Well I didn't get work into the Woolgather Art Prize but they asked the 400 people who entered to send in an image showing how they spent the day of Sunday 25 March and they are going to include these in a book to go with the exhibition.
For me it was a day of seeing family and friends, taking my mother and Hattie out for a late Mother's Day lunch and travelling across the Fens to see Elizabeth Ikin, a photographer, and her exhibition at the Old Fire Engine House, Ely. The creativity was perhaps in being with people, conversation and noticing things on the journey. The black fields of the fens, set against fresh green growth and a magnificent blue sky - everywhere you looked it dominated - 90% of the view being sky against the remaining 10% small strip of land. The blue of the sky, the uncommon heat of the sun in March and the fact that we had just moved into British Summertime made its blueness even more striking.
The colour reminds me of Giotto's Arena Chapel in Padua - saturated in blue, and other Italian painters such as Piero della Francesca and Giovanni Bellini, who use a particular kind of blue. This gets me thinking about pigment - ultramarine, azurite, cobalt blue, cerulean and Prussian blue. Last year I went to a conference on Alchemy in Cambridge and heard a lecture by Spike Bucklow about lapis lazulae which was fascinating - not only in the alchemical process that is used to extract the ultramarine pigment from the rock, but also that it comes from Afghanistan which on the medieval map the 'Mappa Mundi' is just to the right of heaven and so derives its heavenly associations!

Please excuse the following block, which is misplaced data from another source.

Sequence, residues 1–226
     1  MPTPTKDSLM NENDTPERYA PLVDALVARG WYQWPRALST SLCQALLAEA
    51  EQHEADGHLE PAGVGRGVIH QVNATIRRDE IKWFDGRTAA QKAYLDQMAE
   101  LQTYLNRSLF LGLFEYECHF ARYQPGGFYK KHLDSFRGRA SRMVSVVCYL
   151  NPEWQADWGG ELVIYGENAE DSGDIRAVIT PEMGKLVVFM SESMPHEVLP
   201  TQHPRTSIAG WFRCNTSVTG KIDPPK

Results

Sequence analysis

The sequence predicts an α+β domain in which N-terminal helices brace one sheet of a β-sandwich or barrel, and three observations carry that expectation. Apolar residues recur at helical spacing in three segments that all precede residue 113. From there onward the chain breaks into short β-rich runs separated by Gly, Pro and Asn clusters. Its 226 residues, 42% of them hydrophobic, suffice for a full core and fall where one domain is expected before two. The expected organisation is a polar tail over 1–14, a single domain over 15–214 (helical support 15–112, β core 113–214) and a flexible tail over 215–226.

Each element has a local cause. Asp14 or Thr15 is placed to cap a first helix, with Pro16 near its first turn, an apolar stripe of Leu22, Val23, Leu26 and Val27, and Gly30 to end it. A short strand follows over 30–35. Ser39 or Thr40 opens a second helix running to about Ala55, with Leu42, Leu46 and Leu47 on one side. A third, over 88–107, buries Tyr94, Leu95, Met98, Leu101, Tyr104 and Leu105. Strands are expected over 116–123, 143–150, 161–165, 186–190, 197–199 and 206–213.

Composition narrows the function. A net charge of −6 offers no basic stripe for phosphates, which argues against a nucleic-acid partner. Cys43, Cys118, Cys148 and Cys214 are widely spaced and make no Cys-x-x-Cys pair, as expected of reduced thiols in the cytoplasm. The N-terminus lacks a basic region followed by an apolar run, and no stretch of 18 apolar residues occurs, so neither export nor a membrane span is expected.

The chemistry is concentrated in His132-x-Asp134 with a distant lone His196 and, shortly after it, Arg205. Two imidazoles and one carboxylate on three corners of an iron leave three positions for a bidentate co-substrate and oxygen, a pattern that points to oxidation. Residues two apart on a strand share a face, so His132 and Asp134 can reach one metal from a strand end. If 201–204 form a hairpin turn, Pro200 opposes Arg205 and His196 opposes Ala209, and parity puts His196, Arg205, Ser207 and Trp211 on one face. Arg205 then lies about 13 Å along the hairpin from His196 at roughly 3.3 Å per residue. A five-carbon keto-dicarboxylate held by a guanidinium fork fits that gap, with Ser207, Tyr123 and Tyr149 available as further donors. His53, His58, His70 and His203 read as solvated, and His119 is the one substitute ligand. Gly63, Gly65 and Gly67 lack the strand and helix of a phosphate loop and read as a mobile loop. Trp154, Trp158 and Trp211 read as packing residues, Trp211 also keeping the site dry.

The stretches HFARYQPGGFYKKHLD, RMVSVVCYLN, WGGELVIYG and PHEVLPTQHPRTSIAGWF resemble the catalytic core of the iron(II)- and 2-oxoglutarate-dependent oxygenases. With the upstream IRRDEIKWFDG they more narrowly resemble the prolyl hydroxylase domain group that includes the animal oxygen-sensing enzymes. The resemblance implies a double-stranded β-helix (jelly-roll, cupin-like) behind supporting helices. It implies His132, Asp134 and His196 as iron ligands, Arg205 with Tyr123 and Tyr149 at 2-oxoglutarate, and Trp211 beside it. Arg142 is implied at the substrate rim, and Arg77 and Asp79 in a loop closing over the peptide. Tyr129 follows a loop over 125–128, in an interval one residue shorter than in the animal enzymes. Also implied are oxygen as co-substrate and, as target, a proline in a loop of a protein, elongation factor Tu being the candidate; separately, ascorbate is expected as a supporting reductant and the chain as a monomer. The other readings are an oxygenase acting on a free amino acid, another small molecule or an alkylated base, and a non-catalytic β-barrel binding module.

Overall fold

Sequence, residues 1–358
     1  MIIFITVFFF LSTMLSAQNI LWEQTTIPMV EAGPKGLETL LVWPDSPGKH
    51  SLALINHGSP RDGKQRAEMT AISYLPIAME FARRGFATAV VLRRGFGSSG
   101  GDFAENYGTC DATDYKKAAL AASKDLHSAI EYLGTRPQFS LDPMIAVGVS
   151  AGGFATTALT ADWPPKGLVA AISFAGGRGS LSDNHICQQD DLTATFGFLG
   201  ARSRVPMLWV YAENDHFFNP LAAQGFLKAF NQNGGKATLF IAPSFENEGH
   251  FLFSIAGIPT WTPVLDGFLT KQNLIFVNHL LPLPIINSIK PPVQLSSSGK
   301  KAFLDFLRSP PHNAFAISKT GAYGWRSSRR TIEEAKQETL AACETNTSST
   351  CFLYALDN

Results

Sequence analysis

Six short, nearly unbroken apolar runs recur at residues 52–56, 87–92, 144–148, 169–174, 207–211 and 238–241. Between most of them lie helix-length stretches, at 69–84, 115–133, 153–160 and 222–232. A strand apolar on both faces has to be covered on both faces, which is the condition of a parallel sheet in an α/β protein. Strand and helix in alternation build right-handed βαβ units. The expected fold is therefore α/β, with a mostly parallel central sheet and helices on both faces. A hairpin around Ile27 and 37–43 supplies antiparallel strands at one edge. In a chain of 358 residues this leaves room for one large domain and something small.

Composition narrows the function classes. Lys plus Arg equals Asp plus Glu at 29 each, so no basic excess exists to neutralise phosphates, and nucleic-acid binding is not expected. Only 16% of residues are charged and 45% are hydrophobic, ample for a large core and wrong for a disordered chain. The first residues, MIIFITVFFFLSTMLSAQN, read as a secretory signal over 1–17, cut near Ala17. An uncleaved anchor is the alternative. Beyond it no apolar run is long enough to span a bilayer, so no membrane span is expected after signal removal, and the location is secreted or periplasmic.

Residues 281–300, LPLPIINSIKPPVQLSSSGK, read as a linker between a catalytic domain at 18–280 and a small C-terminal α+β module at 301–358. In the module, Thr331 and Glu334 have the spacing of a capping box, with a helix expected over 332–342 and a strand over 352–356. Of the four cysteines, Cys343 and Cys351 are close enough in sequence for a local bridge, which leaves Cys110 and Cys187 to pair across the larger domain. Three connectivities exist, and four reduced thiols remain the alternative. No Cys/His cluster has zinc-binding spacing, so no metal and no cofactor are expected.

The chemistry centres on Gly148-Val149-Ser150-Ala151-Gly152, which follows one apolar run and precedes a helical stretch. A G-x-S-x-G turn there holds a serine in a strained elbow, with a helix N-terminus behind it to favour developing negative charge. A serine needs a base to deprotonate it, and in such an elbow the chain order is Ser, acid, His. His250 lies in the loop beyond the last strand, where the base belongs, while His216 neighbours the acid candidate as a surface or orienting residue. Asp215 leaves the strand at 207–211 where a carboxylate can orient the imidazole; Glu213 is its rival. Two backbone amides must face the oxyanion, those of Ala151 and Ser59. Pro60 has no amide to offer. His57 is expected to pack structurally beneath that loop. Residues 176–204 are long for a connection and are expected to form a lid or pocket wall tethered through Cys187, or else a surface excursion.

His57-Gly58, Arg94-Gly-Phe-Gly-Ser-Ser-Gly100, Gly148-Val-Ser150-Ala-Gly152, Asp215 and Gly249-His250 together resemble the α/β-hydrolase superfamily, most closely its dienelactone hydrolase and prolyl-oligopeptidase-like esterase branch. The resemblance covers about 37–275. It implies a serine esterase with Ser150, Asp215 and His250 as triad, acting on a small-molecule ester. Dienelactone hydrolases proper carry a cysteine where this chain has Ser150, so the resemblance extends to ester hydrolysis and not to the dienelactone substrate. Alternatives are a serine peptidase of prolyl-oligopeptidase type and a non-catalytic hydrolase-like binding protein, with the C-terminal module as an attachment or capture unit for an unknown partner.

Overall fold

I have been working with some ideas using neon paint and imitation gold leaf. The gold leaf I have had since doing a medieval material and techniques course some time ago. I wanted to get a sense of layers and looking through - so the paintings have gesso, neon acrylic and the gold leaf on top - I also wanted imperfections - though using gilders size, I don't think I could have had anything other - it is so sticky! In the past I've used egg white which is much easier.
The paintings made me think about what was underneath them - more paint, alterations, trials and errors. Recent field walking with the 'Making a Masterpiece' project in the Stour Valley reminded me of my first job working for an Archaeological Unit in Lincolnshire - fieldwalking, digging, surveying and drawing finds for publication. The hopes that we would go out with and the finds that we would bring back - all fascinating in their own way, layers of history, although not always living up to our expectations!
These paintings too - wanting them to be rather bare and minimal, but with a sense of something more perhaps - like scratchcards - all promise?! 'As good as gold' usually a term used for well-behaved children - well here the neon pink and orange is peeping through - so possibly not so well-behaved? Anyway I am pleased that they have been selected for the show 'Fool's Gold' at Cultivate, Vyner Street, London opening on 29 March.